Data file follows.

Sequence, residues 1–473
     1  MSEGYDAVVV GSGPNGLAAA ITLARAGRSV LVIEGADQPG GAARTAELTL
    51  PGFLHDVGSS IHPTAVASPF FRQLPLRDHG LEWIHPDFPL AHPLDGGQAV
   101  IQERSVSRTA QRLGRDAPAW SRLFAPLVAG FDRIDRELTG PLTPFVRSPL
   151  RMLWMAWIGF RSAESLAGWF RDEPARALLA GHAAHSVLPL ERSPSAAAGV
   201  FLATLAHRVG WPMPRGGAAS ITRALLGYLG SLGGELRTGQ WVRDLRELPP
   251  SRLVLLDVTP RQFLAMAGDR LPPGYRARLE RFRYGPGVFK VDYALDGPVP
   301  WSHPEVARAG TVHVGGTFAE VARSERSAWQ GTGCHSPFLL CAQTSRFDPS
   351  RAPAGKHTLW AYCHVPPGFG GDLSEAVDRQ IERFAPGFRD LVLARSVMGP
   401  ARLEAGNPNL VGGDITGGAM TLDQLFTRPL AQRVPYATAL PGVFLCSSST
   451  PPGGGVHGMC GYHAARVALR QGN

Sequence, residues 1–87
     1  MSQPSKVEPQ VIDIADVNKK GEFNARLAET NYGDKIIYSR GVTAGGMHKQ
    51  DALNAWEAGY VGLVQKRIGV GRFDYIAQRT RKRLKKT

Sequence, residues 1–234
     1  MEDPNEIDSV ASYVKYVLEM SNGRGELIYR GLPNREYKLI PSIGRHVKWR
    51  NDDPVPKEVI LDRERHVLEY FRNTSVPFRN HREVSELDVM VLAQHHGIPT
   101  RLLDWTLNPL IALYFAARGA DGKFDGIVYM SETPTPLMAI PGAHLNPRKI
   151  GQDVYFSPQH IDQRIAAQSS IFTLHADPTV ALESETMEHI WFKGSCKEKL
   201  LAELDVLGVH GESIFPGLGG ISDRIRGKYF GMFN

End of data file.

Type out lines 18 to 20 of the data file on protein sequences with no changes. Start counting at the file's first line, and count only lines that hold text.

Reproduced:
   101  RLLDWTLNPL IALYFAARGA DGKFDGIVYM SETPTPLMAI PGAHLNPRKI
   151  GQDVYFSPQH IDQRIAAQSS IFTLHADPTV ALESETMEHI WFKGSCKEKL
   201  LAELDVLGVH GESIFPGLGG ISDRIRGKYF GMFN